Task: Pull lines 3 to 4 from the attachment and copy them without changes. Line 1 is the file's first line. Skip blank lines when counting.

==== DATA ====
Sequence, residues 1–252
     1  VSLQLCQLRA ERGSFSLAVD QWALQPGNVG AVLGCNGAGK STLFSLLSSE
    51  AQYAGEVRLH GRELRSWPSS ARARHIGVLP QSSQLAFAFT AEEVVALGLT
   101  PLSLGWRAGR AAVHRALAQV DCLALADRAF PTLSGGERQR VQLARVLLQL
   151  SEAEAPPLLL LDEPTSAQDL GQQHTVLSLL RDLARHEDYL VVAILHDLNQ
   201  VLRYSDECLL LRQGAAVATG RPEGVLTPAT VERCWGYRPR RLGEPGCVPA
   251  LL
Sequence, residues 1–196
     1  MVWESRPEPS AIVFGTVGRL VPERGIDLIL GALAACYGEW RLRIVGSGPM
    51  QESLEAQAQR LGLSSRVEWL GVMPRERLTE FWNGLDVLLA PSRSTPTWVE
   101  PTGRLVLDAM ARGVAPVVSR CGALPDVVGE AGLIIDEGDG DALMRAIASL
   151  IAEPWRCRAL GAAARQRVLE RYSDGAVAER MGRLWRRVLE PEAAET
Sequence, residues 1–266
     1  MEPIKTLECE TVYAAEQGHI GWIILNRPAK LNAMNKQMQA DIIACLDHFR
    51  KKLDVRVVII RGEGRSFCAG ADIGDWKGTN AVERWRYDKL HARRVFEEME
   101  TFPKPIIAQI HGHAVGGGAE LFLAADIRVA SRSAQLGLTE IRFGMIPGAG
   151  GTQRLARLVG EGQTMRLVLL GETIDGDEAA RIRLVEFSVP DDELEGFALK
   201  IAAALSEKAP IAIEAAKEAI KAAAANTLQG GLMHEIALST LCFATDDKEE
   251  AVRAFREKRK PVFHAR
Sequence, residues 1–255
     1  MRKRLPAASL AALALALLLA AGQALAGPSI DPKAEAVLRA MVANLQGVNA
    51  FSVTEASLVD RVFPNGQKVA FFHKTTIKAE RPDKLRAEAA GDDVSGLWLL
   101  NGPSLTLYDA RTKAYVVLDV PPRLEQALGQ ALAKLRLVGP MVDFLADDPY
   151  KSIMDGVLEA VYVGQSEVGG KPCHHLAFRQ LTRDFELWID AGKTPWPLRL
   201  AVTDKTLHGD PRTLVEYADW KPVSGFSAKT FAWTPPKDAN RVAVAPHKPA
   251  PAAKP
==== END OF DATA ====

    51  AQYAGEVRLH GRELRSWPSS ARARHIGVLP QSSQLAFAFT AEEVVALGLT
   101  PLSLGWRAGR AAVHRALAQV DCLALADRAF PTLSGGERQR VQLARVLLQL